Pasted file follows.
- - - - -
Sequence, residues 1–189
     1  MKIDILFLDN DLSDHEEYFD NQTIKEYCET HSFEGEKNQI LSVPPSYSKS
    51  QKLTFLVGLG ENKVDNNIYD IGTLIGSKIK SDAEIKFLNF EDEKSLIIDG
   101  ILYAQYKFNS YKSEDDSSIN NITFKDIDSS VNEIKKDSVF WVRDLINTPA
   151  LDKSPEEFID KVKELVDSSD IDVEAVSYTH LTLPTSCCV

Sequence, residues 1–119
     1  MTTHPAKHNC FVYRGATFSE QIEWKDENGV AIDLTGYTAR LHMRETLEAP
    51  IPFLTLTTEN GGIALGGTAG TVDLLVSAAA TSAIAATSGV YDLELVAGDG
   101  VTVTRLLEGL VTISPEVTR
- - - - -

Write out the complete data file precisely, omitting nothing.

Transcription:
Sequence, residues 1–189
     1  MKIDILFLDN DLSDHEEYFD NQTIKEYCET HSFEGEKNQI LSVPPSYSKS
    51  QKLTFLVGLG ENKVDNNIYD IGTLIGSKIK SDAEIKFLNF EDEKSLIIDG
   101  ILYAQYKFNS YKSEDDSSIN NITFKDIDSS VNEIKKDSVF WVRDLINTPA
   151  LDKSPEEFID KVKELVDSSD IDVEAVSYTH LTLPTSCCV

Sequence, residues 1–119
     1  MTTHPAKHNC FVYRGATFSE QIEWKDENGV AIDLTGYTAR LHMRETLEAP
    51  IPFLTLTTEN GGIALGGTAG TVDLLVSAAA TSAIAATSGV YDLELVAGDG
   101  VTVTRLLEGL VTISPEVTR